Tell them you own an invisible pet dragon. If they take the stance of non-belief, tell them to prove it to you as they are the ones that have the burden of proving that you do not.

It's always good practice to flip the opponent's logic back on them.

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01-05-2012, 11:10 AM
RE: Burden of Proof
My personal answer is "no one" or "invalid".

As an atheist, it is not your job to convince a theist of no deity. You can present evidence as to why you believe a certain way, but your purpose shouldn't be to convince.

Proving that God absolutely does not exist is impossible.

As a theist (Christians in particular), it is not your job to convince an atheist that there is a deity. You can present evidence as to why you believe a certain way, but your purpose shouldn't be convince. It is that deity's job to convince non-belief into belief.

Proving that God absolutely exists is impossible.

Since there is no definitive proof, the belief or non-belief is based on faith. A non-believer bases their faith on the knowledge and proof that points to the non-existence of a deity. A believer bases their faith on the knowledge and proof that points to the existence of a deity.

Since faith is not empirical, and it is the crux of the proof for the debate, the argument become invalid.

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01-05-2012, 11:17 AM
RE: Burden of Proof
(01-05-2012 10:31 AM)ghostexorcist Wrote:  I'm sure we've had threads like this before. However, I'm posting this to highlight the incoming results of a poll asking who bears the burden of proof that I started on another forum. The choices were: 1) atheists 2) believers 3) both.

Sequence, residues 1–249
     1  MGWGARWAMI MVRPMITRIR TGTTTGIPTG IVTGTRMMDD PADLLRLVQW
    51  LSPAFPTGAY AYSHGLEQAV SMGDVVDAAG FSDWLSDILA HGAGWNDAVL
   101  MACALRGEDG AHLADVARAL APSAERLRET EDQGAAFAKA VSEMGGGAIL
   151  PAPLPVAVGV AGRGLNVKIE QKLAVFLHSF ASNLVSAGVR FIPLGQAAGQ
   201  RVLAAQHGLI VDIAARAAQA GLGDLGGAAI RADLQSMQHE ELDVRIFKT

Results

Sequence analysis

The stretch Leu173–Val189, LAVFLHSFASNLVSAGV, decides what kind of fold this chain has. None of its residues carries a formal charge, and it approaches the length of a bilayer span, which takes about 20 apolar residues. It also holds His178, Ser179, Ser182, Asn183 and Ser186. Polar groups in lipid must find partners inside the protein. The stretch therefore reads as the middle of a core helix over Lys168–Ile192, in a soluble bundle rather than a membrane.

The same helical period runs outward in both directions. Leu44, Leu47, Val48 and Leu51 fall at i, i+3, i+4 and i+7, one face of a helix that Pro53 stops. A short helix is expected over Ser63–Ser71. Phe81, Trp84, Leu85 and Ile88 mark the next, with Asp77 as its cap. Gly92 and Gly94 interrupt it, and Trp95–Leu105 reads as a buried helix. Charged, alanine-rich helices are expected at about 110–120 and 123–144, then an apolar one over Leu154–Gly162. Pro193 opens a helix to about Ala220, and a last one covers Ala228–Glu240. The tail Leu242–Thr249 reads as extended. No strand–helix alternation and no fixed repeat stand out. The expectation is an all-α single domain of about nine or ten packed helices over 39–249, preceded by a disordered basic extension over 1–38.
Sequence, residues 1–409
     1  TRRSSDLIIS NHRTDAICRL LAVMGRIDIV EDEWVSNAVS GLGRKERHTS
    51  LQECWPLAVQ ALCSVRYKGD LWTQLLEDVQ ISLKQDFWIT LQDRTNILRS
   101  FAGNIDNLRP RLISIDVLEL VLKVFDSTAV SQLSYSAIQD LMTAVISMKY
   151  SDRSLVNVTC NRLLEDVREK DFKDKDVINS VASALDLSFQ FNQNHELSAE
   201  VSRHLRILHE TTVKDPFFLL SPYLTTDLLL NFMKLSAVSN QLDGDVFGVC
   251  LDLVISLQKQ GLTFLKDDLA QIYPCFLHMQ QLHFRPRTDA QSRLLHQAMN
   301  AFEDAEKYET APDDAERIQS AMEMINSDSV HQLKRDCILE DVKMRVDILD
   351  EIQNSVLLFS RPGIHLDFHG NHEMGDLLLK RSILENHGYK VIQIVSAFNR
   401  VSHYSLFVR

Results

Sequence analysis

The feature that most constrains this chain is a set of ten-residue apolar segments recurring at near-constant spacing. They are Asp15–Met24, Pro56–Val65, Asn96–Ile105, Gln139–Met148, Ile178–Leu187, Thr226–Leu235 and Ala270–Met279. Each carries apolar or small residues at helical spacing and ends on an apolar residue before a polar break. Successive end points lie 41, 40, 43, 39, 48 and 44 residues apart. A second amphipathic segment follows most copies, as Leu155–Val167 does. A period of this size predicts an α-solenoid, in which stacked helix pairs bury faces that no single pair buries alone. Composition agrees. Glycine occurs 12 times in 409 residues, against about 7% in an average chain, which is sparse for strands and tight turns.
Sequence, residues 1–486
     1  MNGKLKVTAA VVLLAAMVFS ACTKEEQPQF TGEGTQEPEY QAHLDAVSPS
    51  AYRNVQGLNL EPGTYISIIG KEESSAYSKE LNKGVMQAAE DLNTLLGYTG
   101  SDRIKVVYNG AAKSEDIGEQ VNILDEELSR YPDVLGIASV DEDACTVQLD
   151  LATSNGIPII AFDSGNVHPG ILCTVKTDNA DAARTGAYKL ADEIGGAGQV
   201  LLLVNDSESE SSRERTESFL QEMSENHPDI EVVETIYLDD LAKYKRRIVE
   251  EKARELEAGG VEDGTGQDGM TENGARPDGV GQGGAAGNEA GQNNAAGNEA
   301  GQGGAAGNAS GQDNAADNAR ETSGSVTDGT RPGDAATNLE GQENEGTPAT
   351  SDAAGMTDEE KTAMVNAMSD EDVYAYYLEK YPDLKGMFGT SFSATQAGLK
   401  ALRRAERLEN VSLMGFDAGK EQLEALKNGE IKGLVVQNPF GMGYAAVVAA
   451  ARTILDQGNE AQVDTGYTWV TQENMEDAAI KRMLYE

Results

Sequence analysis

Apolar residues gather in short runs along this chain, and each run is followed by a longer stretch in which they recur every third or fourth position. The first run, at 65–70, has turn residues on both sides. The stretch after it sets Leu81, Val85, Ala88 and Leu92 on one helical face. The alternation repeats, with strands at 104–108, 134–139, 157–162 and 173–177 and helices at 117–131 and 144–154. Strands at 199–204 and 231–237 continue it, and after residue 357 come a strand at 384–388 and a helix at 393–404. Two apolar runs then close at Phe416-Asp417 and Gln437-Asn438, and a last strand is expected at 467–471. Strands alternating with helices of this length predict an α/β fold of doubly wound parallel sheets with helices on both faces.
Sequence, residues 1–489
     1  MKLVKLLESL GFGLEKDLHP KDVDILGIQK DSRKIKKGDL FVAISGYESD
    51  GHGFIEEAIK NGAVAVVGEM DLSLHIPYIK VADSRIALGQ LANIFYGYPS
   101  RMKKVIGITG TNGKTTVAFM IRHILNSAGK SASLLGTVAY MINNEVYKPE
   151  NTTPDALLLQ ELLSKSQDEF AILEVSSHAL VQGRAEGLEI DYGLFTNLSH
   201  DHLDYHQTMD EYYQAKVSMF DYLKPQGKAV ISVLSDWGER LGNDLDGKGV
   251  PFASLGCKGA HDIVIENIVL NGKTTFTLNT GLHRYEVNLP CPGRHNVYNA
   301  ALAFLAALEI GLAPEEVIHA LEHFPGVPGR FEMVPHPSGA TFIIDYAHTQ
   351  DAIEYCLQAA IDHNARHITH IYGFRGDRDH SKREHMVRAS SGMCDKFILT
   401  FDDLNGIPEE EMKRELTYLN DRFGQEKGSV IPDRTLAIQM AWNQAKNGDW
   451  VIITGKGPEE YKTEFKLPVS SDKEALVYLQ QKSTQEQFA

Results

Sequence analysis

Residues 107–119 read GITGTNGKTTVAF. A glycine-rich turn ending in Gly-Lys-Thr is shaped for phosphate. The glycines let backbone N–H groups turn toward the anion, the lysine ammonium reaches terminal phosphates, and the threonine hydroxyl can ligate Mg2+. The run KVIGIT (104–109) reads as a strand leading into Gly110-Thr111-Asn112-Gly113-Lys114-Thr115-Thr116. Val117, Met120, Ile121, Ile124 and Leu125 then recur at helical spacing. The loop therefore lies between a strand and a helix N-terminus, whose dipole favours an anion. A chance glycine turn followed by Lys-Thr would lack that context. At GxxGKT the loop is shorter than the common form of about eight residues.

None of the 3 choices.

I think it is the common mistake by Atheist and Apologetics alike that result to never ending debate.

“The burden of proof belongs to the person asserting a claim”

That will be only applicable to a claim that cannot prove itself… thus, other people needs to prove it.

Thus, I think people should not take pains to prove their celestial teapots or spaghetti monsters.

Let the “celestial teapots” have the “burden of proof”.
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01-05-2012, 11:26 AM
RE: Burden of Proof
(01-05-2012 11:17 AM)ahoy Wrote:  
(01-05-2012 10:31 AM)ghostexorcist Wrote:  I'm sure we've had threads like this before. However, I'm posting this to highlight the incoming results of a poll asking who bears the burden of proof that I started on another forum. The choices were: 1) atheists 2) believers 3) both.


None of the 3 choices.

I think it is the common mistake by Atheist and Apologetics alike that result to never ending debate.

“The burden of proof belongs to the person asserting a claim”

That will be only applicable to a claim that cannot prove itself… thus, other people needs to prove it.

Thus, I think people should not take pains to prove their celestial teapots or spaghetti monsters.

Let the “celestial teapots” have the “burden of proof”.
Not quite sure what you're getting at here...

Because the idea of God cannot be proven so as you say, "it cannot prove itself". Therefore the burden of proof argument is a valid one by your very logic.

Let's say something can prove itself like Me. My friend claims that I exist. You refute that claim. My friend is the one that has the burden of proof so he introduces me to you. I say Hello and have thus proved myself.